Screened at: SXSW 2013
Directed By: Jessie McCormack
Starring: Radha Mitchell, Jon Dore, Michelle Monaghan, Michael Weston
Writer-director Jessie McCormack’s “Gus” is an actor’s film and she knows it, keeping a light hand on the camera and letting her cast take the lead in bringing the characters to life in a notably natural way. Radha Mitchell, Jon Dore, Michelle Monaghan and Michael Weston make for an absolutely delightful quartet, all relatable and real in their own ways, resulting in both hearty laughs and honest drama.
Lizzie and Andie (Radha Mitchell and Michelle Monaghan) are best friends. In fact, they’re so close that when Andie winds up pregnant after a one-night stand, she offers to give her baby to Lizzie who so desperately wants a child, but can’t conceive. Trouble is, part of the arrangement requires that Andie move in with Lizzie and her husband, Peter (Jon Dore), during the pregnancy and Andie’s free-spirited ways don’t exactly match up with Lizzie and Peter’s quaint lifestyle. Complicating the situation further, Peter’s brother, Casey (Michael Weston), is released from rehab. Afraid he’ll relapse if he lives alone, Peter insists that Casey come stay with them as well. Throw in Lizzie and Peter’s adorable dog, Joyce, and you’ve got one very crowded home.
“Gus” touches upon some weighty issues and packs a good deal of emotion, but it’s all nestled neatly into a delightful and highly entertaining environment. McCormack has a knack for delivering characteristics and situations that feel vaguely familiar, but in creative, fresh and often very amusing ways. The piece opens up particularly strong with a concise yet telling sense of their lives through a mere casual phone call that very clearly labels Lizzie and Peter as the quintessential couple, and Andie as the eccentric friend. McCormack then adds a layer to Lizzie and Peter’s relationship by following them to their therapist’s office. Rather than use the opportunity as an excuse to douse us in exposition, she highlights one of the couple’s main issues by having Mimi Kennedy’s Dr. Grayson simply blurt out that their problems are mundane and bore her.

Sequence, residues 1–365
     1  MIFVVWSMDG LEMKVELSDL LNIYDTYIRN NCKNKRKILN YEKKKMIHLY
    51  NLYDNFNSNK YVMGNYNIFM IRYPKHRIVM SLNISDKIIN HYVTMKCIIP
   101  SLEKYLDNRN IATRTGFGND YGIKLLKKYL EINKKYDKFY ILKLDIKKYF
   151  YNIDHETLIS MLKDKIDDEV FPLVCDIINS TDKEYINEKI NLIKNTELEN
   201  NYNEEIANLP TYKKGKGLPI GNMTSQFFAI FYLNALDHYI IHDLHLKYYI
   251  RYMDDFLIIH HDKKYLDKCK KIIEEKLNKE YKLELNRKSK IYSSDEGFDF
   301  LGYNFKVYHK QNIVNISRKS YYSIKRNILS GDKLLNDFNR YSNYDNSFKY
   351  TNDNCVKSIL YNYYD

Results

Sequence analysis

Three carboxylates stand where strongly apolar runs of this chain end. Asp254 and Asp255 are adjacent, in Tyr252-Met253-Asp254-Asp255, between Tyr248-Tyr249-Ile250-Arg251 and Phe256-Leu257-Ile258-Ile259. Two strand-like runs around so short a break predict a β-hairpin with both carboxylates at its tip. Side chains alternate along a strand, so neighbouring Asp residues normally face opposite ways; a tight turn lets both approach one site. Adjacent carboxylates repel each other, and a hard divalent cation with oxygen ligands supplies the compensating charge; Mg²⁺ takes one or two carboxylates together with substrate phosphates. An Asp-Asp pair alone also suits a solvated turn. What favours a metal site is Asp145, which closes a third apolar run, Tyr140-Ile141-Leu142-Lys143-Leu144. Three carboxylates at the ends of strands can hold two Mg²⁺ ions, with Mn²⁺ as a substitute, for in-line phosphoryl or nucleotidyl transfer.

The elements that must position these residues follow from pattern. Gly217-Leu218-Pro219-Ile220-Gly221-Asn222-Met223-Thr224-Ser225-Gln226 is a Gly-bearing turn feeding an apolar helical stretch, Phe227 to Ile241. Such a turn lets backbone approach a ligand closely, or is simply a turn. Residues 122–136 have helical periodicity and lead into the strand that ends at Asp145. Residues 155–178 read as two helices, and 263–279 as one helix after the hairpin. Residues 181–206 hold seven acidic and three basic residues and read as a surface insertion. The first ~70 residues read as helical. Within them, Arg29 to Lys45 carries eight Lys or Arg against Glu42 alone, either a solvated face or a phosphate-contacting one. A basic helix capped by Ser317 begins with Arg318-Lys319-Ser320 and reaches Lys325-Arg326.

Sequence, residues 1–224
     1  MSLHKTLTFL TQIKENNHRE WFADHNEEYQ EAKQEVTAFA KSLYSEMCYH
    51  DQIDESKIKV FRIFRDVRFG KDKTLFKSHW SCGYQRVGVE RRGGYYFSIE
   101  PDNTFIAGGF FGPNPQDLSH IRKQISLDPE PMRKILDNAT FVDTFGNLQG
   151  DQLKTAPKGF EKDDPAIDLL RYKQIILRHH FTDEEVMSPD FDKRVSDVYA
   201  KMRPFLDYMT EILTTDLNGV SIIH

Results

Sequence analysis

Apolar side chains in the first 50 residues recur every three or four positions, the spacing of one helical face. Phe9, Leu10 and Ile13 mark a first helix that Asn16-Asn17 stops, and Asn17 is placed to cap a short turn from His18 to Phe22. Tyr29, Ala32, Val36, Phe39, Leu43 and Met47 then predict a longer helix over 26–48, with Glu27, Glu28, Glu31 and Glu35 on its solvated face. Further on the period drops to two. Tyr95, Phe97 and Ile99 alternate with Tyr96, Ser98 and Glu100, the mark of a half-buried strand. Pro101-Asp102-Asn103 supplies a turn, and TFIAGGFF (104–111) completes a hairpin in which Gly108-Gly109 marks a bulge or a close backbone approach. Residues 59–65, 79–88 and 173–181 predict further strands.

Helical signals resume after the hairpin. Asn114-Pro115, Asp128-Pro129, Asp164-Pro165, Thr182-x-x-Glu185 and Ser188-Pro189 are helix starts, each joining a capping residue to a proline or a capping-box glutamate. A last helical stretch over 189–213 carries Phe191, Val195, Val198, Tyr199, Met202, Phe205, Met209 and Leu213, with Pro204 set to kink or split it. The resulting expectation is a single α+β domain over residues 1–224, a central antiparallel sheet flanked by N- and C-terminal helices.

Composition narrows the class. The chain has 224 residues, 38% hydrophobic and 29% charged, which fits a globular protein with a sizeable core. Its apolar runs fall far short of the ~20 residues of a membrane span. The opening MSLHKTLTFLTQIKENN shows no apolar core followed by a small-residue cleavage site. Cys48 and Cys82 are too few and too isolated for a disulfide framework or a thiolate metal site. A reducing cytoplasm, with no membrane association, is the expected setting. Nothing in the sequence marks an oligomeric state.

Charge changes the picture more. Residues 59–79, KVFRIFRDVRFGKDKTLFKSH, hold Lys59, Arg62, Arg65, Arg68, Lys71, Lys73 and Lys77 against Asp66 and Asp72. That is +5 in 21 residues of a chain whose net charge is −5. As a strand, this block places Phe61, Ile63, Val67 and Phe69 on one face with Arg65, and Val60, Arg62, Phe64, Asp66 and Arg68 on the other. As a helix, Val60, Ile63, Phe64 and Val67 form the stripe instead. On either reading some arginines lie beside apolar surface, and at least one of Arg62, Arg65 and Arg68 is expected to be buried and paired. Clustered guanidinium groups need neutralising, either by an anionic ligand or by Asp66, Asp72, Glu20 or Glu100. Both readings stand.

While “Gus” is loaded with uniquely memorable moments, McCormack does slip a little when it comes to the progression of the relationships. Some major moves feel unwarranted, but by the time the characters are making these life-changing decisions, we’ve already been so charmed by Mitchell, Dore, Monaghan and Weston that it’s easy to overlook certain plot holes and reconsider the script missteps as a way of accepting these people for who they are.
At first, Mitchell’s Lizzie appears to be the more straightforward character of the bunch. She’s a homemaker who so genuinely loves her husband. However, as the film progresses, Mitchell delicately reveals additional layers until the character utterly explodes in an emotional yet almost darkly comic tantrum. Dore puts up a fine performance as well, but Peter is the least developed and therefore least engaging of the group. All four wind up making drastic changes to their lifestyles, but as people, Peter’s the only one who still feels like the same guy.
Monaghan’s Andie, on the other hand, not only has the steepest arc, but is also just an especially colorful character. Her tendency to laugh at inappropriate things is harsh at first, but the more you get to know her, the more you appreciate her quirks. But, even while playing such an eccentric character, Monaghan manages to keep her in control just enough to make the path she takes very sensible. While Weston doesn’t get as much screen time as the other three, he still manages to earn one of the more drastic and satisfying transitions, and makes the assist in a good deal of the film’s funnier gags.
But more than anything, it’s the group dynamic that makes “Gus” such a winner. They’re strange, rigid, silly and occasionally offensive, but it’s that unpredictability and the cast’s honest chemistry that makes them pleasant to spend time with and makes you want to stay by their side when things get complicated.